• the Toyota Prius.

  • I saw the approach of the decline of the

  • American automotive industry and

  • became frustrated with the lack of innovation.

  • I moved from the automotive industry

  • to the aerospace industry

  • to get a chance to work with the very

  • best and learn from the very best.

  • Working at NASA's Goddard Space Flight Center,

  • I was exposed to some of the very best

  • cutting edge technology.

  • However, the pace of the development was

  • just far too slow for my taste.

  • I was bored.

  • I moved back to the San Francisco Bay Area

  • after 3 years at NASA Goddard.

  • My love of cars lead me to become one of

  • the early employees at Tesla Motors.

  • When I moved back to the San Francisco bay area,

  • there are only two choices to work

  • in automotive industries.

  • I could work for Tesla Motors,

  • a small start-up with fewer than 100 employees,

  • or I can go work for NUMMI.

  • It was a huge GM and Toyota joint venture

  • with more than 6000 employees.

  • The cars from Tesla Motors were fast;

  • the cars from GM and Toyota were slow and boring.

  • My decision was made.

  • My parents were a bit worried,

  • but the job at Telsa turned out to be

  • a wonderful accident.

  • The work that I'd loved all my life

  • have finally begun to help,

  • instead of hurt the environment.

  • A flip had happened for myself.

  • I was able to do more racing and also

  • some long distance racing in the desert.

  • Early in my racing career,

  • I began to produce my own parts.

  • This allowed me to keep up with

  • the more wealthy competitors.

  • That more wealthy competitors...

  • Through racing, I've honed my

  • engineering skills with real life successes

  • and many many failures.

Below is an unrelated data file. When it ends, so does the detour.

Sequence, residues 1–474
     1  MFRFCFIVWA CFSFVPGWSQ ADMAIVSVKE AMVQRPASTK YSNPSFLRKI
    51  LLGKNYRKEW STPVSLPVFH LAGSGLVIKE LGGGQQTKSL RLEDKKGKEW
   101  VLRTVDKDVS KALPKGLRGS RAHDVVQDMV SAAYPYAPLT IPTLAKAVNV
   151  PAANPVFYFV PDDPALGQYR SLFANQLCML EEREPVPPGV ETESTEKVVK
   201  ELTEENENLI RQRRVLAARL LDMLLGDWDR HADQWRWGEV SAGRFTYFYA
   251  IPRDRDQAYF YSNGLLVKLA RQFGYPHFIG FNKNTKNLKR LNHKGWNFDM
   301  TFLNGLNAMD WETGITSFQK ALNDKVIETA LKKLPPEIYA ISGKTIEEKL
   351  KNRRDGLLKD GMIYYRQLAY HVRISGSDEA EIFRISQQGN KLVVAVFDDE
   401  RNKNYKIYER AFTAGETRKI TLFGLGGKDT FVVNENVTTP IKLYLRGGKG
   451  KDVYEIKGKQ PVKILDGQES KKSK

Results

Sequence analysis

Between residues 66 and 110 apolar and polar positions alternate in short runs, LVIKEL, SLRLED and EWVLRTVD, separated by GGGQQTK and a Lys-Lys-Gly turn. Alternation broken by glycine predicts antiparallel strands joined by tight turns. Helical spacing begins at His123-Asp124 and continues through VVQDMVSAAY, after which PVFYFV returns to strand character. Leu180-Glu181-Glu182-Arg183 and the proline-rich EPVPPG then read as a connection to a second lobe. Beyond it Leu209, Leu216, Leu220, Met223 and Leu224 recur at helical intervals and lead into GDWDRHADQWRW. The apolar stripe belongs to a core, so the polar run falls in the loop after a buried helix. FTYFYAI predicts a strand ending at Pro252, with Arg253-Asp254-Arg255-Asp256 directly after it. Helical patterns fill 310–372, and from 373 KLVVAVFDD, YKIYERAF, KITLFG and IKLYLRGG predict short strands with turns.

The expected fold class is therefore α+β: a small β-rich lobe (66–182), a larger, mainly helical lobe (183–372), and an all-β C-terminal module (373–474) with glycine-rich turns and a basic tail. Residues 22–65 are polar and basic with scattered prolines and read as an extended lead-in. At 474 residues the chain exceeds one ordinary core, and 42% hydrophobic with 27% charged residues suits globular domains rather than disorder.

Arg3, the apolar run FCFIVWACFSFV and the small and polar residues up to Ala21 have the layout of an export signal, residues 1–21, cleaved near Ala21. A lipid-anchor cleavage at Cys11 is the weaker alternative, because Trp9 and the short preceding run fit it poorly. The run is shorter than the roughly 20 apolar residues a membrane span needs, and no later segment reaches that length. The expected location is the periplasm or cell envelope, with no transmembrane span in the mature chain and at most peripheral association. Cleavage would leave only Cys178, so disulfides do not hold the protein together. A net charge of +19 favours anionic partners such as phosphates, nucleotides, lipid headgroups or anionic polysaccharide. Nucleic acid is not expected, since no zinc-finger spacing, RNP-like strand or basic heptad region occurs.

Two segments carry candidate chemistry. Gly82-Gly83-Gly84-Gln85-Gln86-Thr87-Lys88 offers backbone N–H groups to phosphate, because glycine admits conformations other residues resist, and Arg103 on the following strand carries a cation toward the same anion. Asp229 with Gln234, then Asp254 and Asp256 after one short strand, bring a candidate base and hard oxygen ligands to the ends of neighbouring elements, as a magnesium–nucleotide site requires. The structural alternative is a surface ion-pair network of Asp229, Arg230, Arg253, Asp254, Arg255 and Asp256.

• TED, stands for Technology,

  • Entertainment, and Design.

  • Technologists build the building blocks

  • for the things in our world.

  • Entertainers bring ideas and products

  • to the masses.

  • Designers make the products that

  • we love and not always

  • because of how they function.

  • My answer here is,

  • don't be an environmentalist because

  • it's good for the planet.

  • Be an environmentalist because

  • it can make you rich.

  • Be an environmentalist because

  • it's more fun.

  • Be an environmentalist because

  • it's convenient.

  • Be a environmentalist because

  • it simply looks good.

  • And finally,

  • Be an environmentalist just because

  • it's what everyone else is doing.

  • Accidental Environmentalism

  • Money, you can make money

  • from selling green products.

  • When I started at Tesla Motors

  • in 2006, there were less than 100 employees.

  • There had not been a successful US car company

  • in the previous 81 years.

  • That company by the way was

  • Chrysler, which has been bailed out by

  • US government twice

  • and has once declared bankruptcy.

  • There were 780 failed car companies in

  • the United States.

  • The odds were certainly against us and our team at Tesla.

  • During the time I was with the company,

  • we grew to over 3000 employees.

  • We designed and built and tested our first car,

  • the Tesla Roadster in just 3 years

  • and sold out production run of 2500 cars.

  • The cost of each car was more than

  • 100 thousand US dollars.

  • The Tesla Roadster was the fastest,

  • longest range electric vehicle ever made.

  • Top speed was 210 kilometers per hour